On accepting her SFI St. Patrick’s Day Science Medal, Prof Margaret Mary Murnane said: “My passion and love for physics first came from my father who was a teacher, and this grew when I attended University College Cork and completed my Bachelors there. Today I am proud to say that the education I started in Ireland and continue to develop in the US has allowed me to follow my interests and create technology and systems which can be used across different areas of research in both countries today. In my work with the Tyndall Institute, I have seen first-hand the fantastic research taking place in Ireland which has applications around the world. As an Irish citizen living in America, it heartens me to see the continued collaboration between the two countries to ensure the research community in both Ireland and the US can produce the very best work. Today, I am very honoured to receive the SFI St. Patrick’s Day Science Medal.”

As an Irish citizen living in America, it heartens me to see the continued collaboration between the two countries to ensure the research community in both Ireland and the US can produce the very best work.
Prof Margaret Mary Murnane , St. Patrick's Day Science Medal 2018 recipient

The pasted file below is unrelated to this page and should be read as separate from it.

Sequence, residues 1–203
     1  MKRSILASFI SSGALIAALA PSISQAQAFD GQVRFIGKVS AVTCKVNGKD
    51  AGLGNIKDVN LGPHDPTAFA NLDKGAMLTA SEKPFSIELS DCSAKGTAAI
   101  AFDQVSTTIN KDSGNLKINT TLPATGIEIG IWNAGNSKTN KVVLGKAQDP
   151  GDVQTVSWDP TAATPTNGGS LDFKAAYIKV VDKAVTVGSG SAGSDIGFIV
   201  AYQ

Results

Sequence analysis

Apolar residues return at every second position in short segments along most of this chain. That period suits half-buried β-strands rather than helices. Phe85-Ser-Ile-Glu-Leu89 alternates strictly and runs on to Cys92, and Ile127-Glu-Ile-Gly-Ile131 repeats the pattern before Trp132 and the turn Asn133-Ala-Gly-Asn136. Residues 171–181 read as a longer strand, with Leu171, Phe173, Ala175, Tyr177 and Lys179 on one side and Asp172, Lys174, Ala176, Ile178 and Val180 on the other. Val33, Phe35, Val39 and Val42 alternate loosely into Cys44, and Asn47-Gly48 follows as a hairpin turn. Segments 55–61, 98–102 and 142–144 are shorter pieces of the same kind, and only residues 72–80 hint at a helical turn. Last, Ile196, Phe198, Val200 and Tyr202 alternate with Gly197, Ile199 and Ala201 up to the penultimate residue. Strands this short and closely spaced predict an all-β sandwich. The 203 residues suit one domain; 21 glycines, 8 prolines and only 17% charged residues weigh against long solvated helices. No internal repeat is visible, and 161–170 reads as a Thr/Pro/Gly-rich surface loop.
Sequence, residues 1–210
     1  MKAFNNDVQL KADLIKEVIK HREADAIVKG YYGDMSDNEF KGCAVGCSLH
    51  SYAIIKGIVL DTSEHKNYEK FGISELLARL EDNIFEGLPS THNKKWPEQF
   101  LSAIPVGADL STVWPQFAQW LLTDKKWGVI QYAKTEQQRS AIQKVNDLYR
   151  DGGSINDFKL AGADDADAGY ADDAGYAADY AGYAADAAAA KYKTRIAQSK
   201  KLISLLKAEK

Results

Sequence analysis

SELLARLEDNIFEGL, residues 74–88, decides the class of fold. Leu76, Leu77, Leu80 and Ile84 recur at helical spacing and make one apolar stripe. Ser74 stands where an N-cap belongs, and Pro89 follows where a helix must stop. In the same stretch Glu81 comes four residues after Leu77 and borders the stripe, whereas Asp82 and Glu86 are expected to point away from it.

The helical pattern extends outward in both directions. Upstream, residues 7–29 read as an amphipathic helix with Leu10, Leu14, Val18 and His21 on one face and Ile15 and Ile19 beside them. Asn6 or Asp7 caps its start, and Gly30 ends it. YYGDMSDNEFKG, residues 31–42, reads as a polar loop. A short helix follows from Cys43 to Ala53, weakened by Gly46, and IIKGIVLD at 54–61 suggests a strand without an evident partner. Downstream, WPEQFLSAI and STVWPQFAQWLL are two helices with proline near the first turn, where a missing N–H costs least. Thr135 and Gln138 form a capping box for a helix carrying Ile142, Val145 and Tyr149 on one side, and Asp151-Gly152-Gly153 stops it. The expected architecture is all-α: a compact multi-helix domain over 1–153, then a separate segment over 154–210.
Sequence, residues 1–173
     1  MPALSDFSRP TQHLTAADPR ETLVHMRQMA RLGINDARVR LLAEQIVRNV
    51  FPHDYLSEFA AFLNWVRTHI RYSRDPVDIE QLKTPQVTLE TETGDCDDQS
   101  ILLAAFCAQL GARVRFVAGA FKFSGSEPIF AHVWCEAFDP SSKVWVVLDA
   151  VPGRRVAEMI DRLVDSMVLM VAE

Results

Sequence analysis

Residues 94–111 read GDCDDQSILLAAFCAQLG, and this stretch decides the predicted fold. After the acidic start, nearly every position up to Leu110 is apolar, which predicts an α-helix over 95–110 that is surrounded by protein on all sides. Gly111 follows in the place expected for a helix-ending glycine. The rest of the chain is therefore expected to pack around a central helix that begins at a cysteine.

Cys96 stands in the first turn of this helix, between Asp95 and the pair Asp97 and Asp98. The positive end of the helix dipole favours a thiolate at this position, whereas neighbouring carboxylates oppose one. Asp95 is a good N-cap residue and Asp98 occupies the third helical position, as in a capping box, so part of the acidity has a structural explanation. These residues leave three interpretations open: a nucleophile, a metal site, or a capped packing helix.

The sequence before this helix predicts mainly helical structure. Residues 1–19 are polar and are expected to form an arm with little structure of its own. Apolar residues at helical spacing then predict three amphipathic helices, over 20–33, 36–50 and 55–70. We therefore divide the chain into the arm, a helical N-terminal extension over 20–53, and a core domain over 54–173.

A holder of Irish citizenship and with a home in County Clare, David McCourt has been incredibly active in Ireland’s academic ecosystem in terms of funding, employment, innovation and as part of the Irish Government’s Global Economic Forum. From early in his career David has been an innovator, developing a revolutionary technology that lowered the cost of building cable systems by 80%, which went on to become the industry standard. His drive, expertise and experience saw him founding the network and telecommunications company Granahan McCourt Capital, of which he is CEO.  In Ireland, Granahan McCourt has been highly active in expanding access to broadband through its part-owned company, enet, which operates next-generation, open-access telecoms infrastructure. David is also pioneering technology to develop ‘Broadband in a Box’ which aims to bring internet connectivity to the most underserved technology areas in the world.